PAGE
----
Selectmen discuss Redington Street Bridge--again
November 12, 2009
LITTLETON—At last week's meeting of the Littleton Board of Selectmen, discussion centered, once again, on the Redington Street Bridge and the possibility of it taking a back seat to the Highland Ave, culvert.
During the citizens' concerns portion of the meeting, State Representatives Rusty Bulis and Brien Ward voiced their concerns over the fate of the Redington Street project.
The pair asked the board if there was anything that they could do at the state level, to try to move the project forward.
"Our concern," Ward told the board, "is that the Redington Street bridge project is ready to go. We do not want to postpone this now, as the money is there right now."
Littleton Town Manager Chuck Connell agreed with the pair, adding that, "All we need now, is the word to go ahead."
In a recent meeting of the board, resident Carl Hilgenburg, an engineer, suggested that the culvert on Highland Ave. could be repaired by the town for around $20,000 versus the $500,000 price tag that the state Dept. of Transportation had suggested.
The idea of moving the Highland Ave. project ahead of the Redington Street project came about at the same time, when Grafton County Councilor Ray Burton had approached the state DOT about the possibility of moving up the timetable on the needed repairs to the Highland Avenue culvert from the planned date of 2012 to "something more timely."
According to Connell, the DOT officials answered in the affirmative, but doing so would involve moving back the timetable on the Redington Street bridge project one year.
Bulis and Ward urged the board to take a solid position on the issue, in order to eliminate any potential delays caused by the question.
Connell explained that the major part of the delay is because of the significance of the Redington Street Bridge itself.
"The Redington Street Bridge is growing in importance with state officials because of its age, and its rarity," he explained.
The 124-foot Redington Street Bridge, constructed in 1928, is an example of a High Pratt Truss metal structure, one of just three remaining in the state. Formerly the most common of highway bridges, there are now fewer metal truss bridges in the state than covered bridges, according to DOT. The bridge has been unofficially determined eligible for the National Register of Historic Places, yet plans of its final disposition remain up in the air.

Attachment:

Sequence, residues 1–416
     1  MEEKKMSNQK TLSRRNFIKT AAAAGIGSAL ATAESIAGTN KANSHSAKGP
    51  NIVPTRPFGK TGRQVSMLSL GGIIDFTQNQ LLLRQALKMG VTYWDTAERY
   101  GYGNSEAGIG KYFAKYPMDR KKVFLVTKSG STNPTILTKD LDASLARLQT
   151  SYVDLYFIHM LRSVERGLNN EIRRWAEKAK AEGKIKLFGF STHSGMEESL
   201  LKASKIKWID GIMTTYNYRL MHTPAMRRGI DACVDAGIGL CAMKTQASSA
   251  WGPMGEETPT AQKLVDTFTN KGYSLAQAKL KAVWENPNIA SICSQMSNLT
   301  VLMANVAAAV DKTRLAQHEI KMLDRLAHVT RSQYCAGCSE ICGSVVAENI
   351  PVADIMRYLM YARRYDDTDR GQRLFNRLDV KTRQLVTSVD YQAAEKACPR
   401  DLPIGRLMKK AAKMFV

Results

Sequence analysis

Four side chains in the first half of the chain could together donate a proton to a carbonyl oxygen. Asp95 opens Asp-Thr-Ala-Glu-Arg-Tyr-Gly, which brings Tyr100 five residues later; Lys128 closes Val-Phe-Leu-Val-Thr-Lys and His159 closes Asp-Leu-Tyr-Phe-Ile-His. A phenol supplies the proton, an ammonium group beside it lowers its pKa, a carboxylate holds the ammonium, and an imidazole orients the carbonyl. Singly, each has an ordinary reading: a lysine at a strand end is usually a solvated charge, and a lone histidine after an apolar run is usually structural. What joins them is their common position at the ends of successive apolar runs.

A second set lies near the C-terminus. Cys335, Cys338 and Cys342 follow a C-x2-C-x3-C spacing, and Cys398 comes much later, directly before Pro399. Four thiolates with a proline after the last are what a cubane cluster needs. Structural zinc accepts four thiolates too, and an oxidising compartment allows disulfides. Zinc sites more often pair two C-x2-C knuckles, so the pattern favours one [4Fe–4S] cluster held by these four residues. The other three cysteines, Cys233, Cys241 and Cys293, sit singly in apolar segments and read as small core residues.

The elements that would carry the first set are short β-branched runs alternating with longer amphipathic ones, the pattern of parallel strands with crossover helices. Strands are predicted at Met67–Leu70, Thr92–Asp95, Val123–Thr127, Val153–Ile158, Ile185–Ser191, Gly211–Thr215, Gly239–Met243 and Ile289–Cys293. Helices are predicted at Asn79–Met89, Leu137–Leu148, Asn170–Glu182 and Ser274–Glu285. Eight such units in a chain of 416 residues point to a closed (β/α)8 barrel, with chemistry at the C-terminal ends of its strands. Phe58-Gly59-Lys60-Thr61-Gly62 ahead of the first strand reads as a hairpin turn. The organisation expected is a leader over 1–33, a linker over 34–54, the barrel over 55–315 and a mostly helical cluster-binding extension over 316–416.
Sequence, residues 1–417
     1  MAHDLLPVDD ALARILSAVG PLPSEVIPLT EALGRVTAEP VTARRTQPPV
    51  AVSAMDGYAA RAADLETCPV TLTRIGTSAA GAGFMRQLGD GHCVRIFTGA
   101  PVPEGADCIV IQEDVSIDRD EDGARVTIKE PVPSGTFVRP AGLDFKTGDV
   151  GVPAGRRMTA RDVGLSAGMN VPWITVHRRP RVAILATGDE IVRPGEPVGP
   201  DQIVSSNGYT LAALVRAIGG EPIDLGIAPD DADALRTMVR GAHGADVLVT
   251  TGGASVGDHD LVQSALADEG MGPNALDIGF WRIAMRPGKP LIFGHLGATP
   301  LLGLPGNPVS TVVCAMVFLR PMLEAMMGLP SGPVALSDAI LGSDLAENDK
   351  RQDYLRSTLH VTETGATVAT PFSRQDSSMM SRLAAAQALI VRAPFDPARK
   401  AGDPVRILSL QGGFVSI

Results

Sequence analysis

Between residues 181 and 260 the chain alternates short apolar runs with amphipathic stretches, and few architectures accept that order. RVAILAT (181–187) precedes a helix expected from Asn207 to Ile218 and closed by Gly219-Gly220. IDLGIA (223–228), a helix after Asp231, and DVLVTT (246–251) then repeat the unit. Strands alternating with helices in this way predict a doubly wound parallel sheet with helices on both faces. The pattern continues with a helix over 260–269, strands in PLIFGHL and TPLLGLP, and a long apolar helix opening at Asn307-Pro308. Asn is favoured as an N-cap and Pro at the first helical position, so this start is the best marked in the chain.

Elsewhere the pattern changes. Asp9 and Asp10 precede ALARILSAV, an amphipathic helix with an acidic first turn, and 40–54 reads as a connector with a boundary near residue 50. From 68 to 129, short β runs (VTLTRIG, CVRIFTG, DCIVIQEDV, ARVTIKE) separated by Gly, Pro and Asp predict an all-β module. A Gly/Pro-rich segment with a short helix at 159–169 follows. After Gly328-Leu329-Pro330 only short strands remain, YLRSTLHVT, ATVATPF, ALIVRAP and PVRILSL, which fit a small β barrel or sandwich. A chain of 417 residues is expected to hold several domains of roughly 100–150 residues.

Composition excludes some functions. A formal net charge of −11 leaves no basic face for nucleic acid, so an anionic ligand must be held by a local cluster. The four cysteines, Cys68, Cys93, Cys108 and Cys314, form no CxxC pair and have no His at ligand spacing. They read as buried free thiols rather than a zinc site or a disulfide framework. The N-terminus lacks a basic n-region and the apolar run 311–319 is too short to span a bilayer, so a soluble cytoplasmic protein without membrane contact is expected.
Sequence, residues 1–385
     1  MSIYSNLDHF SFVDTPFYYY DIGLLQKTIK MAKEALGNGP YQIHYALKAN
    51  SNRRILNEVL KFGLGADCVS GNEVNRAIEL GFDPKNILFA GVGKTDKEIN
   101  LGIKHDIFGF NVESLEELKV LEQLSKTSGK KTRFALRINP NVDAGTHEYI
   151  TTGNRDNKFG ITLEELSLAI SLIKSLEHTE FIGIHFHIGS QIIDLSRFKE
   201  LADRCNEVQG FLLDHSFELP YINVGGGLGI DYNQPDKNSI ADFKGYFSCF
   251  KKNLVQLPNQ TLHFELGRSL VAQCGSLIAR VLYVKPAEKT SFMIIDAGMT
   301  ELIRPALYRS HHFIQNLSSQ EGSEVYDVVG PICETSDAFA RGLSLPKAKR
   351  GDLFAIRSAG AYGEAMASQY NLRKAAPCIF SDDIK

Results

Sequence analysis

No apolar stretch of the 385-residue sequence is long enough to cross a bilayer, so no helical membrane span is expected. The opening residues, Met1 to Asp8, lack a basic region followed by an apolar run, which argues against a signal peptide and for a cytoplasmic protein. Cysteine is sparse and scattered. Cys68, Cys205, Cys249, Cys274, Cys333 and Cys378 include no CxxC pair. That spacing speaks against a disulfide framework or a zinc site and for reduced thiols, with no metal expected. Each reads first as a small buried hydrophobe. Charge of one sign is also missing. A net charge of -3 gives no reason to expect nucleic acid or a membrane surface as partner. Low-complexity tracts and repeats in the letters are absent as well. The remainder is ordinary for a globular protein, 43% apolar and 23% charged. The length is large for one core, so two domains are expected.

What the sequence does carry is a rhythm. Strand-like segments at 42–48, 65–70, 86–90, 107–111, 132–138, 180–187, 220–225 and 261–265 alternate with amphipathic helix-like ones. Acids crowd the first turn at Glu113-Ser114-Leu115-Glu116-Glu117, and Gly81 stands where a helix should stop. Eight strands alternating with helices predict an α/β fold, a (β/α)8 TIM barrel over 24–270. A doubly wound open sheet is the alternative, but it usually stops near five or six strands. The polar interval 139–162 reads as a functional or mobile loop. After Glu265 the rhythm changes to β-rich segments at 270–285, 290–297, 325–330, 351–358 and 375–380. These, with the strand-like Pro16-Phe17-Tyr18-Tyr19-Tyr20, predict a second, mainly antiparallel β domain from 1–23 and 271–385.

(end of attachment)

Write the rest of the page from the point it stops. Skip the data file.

"As far as saving that bridge goes," Select board chair Eddie Moore said, "We have no interest in saving that bridge."
Rehabilitating the bridge has been estimated to cost $1 million more than replacement, according to Chris Baker of the design and engineering firm Vanasse Hangen Brustlin Inc. who presented an engineering study to the Board last fall.
"That bridge is a key piece of infrastructure in this community, and a key in the economics of the town," Ward said. "We should be taking advantage of the fact that the construction companies are hungry for work right now, and I am concerned that the costs of doing the project now, versus the cost of doing the project even a year from now, could be disastrous. We're running out of time."
"I guess the item of paramount importance with regards to the Redington Street Bridge," Bulis added, "Is that its repair or replacement would complete the river crossings in Littleton."
In the end, the board voted to go ahead with the Redington Street bridge project, and continue studying the possible solutions to the Highland Ave. culvert.
"We are working Mr. Hilgenburg's scenario," Connell said, "We're looking to see what the numbers would work out to, at this point."